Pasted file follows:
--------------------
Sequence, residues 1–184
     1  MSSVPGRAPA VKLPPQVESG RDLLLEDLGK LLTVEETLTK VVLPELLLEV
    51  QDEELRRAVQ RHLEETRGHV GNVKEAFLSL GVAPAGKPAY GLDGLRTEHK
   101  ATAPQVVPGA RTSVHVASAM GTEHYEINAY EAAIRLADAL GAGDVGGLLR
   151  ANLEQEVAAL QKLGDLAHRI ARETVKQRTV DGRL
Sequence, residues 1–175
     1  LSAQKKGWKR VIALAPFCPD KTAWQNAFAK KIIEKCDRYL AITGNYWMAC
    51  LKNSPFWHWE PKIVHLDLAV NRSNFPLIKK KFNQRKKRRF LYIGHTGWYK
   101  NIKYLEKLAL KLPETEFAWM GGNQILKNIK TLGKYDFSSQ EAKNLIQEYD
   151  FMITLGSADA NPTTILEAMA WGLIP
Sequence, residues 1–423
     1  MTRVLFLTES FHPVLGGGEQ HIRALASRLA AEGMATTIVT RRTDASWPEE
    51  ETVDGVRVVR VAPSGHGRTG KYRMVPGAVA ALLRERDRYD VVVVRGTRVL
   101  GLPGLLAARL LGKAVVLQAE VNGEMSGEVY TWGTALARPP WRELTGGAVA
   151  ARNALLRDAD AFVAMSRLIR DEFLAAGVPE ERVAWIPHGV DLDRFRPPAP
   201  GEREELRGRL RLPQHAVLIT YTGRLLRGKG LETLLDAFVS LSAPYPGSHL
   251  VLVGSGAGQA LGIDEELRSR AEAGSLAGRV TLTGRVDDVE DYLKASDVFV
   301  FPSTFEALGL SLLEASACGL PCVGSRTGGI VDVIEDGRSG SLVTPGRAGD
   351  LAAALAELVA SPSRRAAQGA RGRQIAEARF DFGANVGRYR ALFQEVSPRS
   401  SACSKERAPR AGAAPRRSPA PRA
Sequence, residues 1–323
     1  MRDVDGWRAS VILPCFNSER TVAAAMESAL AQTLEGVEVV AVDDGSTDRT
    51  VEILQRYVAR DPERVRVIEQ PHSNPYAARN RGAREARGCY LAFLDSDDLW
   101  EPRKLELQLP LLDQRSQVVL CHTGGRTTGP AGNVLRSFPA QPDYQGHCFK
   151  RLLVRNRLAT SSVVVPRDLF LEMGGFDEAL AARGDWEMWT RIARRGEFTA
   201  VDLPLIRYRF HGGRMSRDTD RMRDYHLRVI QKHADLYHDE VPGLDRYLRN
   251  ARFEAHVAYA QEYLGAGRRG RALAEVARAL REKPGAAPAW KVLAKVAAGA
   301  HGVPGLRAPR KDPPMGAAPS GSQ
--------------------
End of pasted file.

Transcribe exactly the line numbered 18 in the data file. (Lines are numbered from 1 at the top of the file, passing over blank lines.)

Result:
   301  FPSTFEALGL SLLEASACGL PCVGSRTGGI VDVIEDGRSG SLVTPGRAGD